Synopsis: Dean Curse avoids attention the way his best friend Colin avoids common sense. When a heroic act thrusts Dean into the limelight, all he wants is to get his life back to normal. But a single, whispered word puts “normal” in the rearview in the worst way. Ever since he saved the stranger’s life, he’s been having terrifying visions and his psychologist father just might have him committed. But when Dean’s visions start to come true, he must discover whether this power is a curse or a gift. The answer will be the difference between life and death.
Review: Steven Whibley’s Glimpse goes a step beyond the usual into a world of strange and stirring possibility. Though it is billed as middle grade paranormal suspense, I enjoyed reading it as much at fifty as I would have at twelve or thirteen. The characters are well developed with intensely individual voices that anyone who knows middle-schoolers will easily recognize.
The theme of the novel centers around the question of perception. A person with a beautiful voice who values music will likely consider singing a gift. To one who prefers gymnastics, being pressed to sing all the time would more likely seem like a curse. Whibley handles this paradox with grace and verisimilitude, giving his young protagonist a voice that rings true on every level.
“I was taking notes when it started. Like before, the color drained from the room and left it a dreary gray. I gripped the edge of my desk an drew a series of shallow breaths, not entirely sure if I was having another hallucination or a stroke, but praying desperately for the stroke.”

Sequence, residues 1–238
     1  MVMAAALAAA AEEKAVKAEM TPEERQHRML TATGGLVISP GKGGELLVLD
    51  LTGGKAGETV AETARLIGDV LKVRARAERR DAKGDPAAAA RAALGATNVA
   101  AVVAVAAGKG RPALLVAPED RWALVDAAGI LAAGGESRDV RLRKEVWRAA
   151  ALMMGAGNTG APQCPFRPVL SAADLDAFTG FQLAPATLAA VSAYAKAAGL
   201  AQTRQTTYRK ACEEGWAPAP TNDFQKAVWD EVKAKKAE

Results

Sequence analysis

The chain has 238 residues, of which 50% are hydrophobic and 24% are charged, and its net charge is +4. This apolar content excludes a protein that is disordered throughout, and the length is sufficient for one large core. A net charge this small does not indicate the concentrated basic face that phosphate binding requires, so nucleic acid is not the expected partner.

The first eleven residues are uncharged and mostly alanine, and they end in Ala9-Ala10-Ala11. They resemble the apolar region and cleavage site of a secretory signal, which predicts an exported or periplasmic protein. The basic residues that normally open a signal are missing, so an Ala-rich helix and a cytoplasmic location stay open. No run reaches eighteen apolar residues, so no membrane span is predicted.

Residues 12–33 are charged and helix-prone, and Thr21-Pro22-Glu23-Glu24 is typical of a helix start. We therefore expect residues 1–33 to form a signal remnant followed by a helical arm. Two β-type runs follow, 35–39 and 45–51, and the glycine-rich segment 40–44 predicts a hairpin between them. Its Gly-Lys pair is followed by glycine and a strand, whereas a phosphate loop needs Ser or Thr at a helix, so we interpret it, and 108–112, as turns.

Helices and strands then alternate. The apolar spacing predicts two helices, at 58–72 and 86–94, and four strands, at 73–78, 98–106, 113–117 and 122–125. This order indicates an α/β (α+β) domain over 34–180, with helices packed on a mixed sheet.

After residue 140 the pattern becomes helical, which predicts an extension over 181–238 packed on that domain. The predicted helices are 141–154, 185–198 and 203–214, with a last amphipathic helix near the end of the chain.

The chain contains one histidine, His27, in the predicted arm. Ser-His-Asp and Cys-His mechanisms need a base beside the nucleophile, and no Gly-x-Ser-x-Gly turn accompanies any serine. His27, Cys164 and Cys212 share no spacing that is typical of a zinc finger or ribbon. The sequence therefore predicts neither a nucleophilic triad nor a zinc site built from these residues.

Dean Curse must decide whether his unique, and suddenly acquired, talent is a blessing or a curse. He also has to figure out how it works before he loses things he didn’t even know were important to him. Thus, Whibley ratchets up the tension until, by the climax, even the reader isn’t sure which side the “gift” falls on.
A well written, eminently enjoyable read. I hope you’ll enjoy it as much as I did.
The Author: Steve believes in pixies and fairy dust, and the healing power of unicorns. When he’s not writing epic tales of horned beasties, he’s working as a look-a-like for Brad Pitt, Ryan Reynolds, Zac Efron, and Seal. He spends his free time training hairless mole rats to be service animals for the colorblind, and dreams of one day inventing a thanksgiving dish that will rival the infamous turducken. Steve also believes most readers do not read author biographies. To learn more about Steve Whibley, please visit him here.